Orbital magnetic moments in insulating Dirac systems: Impact on magneto-transport in graphene van der Waals heterostructures

Orbital magnetic moments in insulating Dirac systems: Impact on magneto-transport in graphene van der Waals heterostructures

Marko M. Grujić marko.grujic@etf.bg.ac.rs School of Electrical Engineering, University of Belgrade, P.O. Box 3554, 11120 Belgrade, Serbia Department of Physics, University of Antwerp, Groenenborgerlaan 171, B-2020 Antwerp, Belgium    Milan Ž. Tadić milan.tadic@etf.bg.ac.rs School of Electrical Engineering, University of Belgrade, P.O. Box 3554, 11120 Belgrade, Serbia    François M. Peeters francois.peeters@uantwerpen.be Department of Physics, University of Antwerp, Groenenborgerlaan 171, B-2020 Antwerp, Belgium
Abstract

In honeycomb Dirac systems with broken inversion symmetry, orbital magnetic moments coupled to the valley degree of freedom arise due to the topology of the band structure, leading to valley-selective optical dichroism. On the other hand, in Dirac systems with prominent spin-orbit coupling, similar orbital magnetic moments emerge as well. These moments are coupled to spin, but otherwise have the same functional form as the moments stemming from spatial inversion breaking. After reviewing the basic properties of these moments, which are relevant for a whole set of newly discovered materials, such as silicene and germanene, we study the particular impact that these moments have on graphene nano-engineered barriers with artificially enhanced spin-orbit coupling. We examine transmission properties of such barriers in the presence of a magnetic field. The orbital moments are found to manifest in transport characteristics through spin-dependent transmission and conductance, making them directly accessible in experiments. Moreover, the Zeeman-type effects appear without explicitly incorporating the Zeeman term in the models, i.e., by using minimal coupling and Peierls substitution in continuum and the tight-binding methods, respectively. We find that a quasi-classical view is able to explain all the observed phenomena.

Dirac, orbital, magnetic, moment, spin-orbit, valley, mass, graphene, honeycomb, transport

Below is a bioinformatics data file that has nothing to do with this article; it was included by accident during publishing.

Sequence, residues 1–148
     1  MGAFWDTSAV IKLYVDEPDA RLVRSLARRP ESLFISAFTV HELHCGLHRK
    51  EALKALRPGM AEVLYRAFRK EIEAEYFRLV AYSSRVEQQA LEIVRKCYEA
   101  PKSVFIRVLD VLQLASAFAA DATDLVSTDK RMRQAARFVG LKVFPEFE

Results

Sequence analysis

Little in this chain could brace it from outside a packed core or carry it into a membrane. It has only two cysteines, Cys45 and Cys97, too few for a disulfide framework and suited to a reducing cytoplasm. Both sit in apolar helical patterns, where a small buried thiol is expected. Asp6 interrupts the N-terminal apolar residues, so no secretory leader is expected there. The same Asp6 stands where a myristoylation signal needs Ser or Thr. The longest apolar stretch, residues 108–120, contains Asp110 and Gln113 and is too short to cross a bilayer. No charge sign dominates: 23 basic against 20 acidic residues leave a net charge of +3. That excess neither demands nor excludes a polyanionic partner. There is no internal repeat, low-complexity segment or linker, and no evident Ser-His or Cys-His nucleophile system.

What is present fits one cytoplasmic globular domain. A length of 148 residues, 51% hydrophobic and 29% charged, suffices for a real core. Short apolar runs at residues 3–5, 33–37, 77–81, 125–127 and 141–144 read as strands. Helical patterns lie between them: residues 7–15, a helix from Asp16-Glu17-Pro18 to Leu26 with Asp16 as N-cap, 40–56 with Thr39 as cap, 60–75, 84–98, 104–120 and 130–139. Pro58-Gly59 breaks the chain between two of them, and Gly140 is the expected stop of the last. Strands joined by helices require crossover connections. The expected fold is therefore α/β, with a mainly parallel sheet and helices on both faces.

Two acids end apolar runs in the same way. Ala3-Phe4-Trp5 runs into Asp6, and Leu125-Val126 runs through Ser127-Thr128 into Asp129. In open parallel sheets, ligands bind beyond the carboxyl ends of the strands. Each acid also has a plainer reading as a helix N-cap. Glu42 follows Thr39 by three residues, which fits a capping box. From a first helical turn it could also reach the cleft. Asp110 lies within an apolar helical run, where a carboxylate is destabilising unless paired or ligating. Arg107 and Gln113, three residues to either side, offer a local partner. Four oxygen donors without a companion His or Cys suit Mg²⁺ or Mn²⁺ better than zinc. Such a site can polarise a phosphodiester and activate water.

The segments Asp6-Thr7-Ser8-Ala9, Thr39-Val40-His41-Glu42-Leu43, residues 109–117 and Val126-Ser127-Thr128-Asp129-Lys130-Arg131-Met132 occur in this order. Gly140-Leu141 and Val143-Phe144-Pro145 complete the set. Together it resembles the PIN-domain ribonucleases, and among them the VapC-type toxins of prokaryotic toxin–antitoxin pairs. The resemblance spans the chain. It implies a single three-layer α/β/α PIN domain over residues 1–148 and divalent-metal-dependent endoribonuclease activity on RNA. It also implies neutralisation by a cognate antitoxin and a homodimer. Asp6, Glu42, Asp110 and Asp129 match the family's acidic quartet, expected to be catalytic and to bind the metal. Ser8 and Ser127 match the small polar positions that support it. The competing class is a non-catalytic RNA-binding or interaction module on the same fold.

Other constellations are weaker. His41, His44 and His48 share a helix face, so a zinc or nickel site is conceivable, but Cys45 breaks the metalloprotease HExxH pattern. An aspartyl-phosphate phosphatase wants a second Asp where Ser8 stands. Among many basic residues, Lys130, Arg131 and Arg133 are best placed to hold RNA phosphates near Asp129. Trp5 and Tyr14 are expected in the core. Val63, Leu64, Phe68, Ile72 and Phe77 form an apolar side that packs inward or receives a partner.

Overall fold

pacs:
75.70.Tj, 72.80.Vp, 85.75.-d

I Introduction

One of the more intriguing recent developments in the field of graphene research is the artificial generation of properties that are otherwise vanishing in intrinsic samples. For instance, carrier mass can be created by sandwiching graphene with hexagonal boron nitride (hBN), in which case a gap arises for sufficiently aligned layers.hunt13 (); woods14 () The occurrence of the gap is dictated by the interplay of the elastic energy of the graphene lattice, and the potential energy landscape stemming from hBN.jung14 () The energetically preferred commensurate structure, in which a carbon atom sits on top of a boron atom, will maximize its area at the expense of other stacking configurations by stretching the graphene layer. This in turn leads to the appearance of an average gap in the resulting van der Waals heterostructure.woods14 ()

On the other hand, it was postulated that spin-orbit coupling (SOC) in graphene can be enhanced by hydrogen adsorption, which forces local rehybridization of bonds.neto2009 () Note that quantum spin Hall transport signatures introduced by random adatoms are well described by models taking into account a renormalized and uniform SOC.shevtsov12 (); jiang12 () Moreover, the proximity effect caused by an appropriate substrate was speculated to lead to SOC enhancement as well. Both of these mechanisms were recently confirmed experimentally, opening new avenues for theoretical research.ozy13 (); avsar14 ()

While in graphene the carrier mass and SOC have to be artificially engineered, they are ubiquitous in other group IV monolayers such as silicene, germanene, and stanene, thanks to their buckled structure and the heavier constituent atoms.cahangirov09 (); liu11 (); xu13 () Given their honeycomb lattice, they also belong to the same class of materials as graphene, with relativistic quasiparticles described by the Dirac equation. From the theoretical point of view, both of the aforementioned parameters appear in a similar form in the low-energy continuum picture. They are captured by staggered potential terms and in the case of mass and SOC, respectively.footnote () The term ”staggered potential” originates in the language of the tight-binding method, and it refers to the breaking of the sublattice symmetry by a traceless potential. Unlike SOC, for which the staggered potential changes sign depending on the spin and valley of the electron, opens up a topologically trivial band gap in the vicinity of the and points through inversion symmetry breaking.kane05a ()

At the same time, however, the inversion symmetry breaking leads to a nontrivial alteration of the semiclassical equations of motion on a honeycomb lattice.chang95 (); xiao07 () The quantum corrections, which reflect the impact of the Berry phase, and are therefore topological in nature, are twofold. On the one hand, when subjected to an electric field in the plane, massive Dirac fermions will attain a velocity component transverse to the field, which is opposite in the two valleys, thus giving rise to the valley Hall effect. This effect was recently observed experimentally in a device, as well as in graphene-hBN heterostructures.mak14 (); gorbachev14 () On the other hand, self-rotation of electron wavepackets near the two valleys will produce valley-contrasting orbital magnetism.xiao07 ()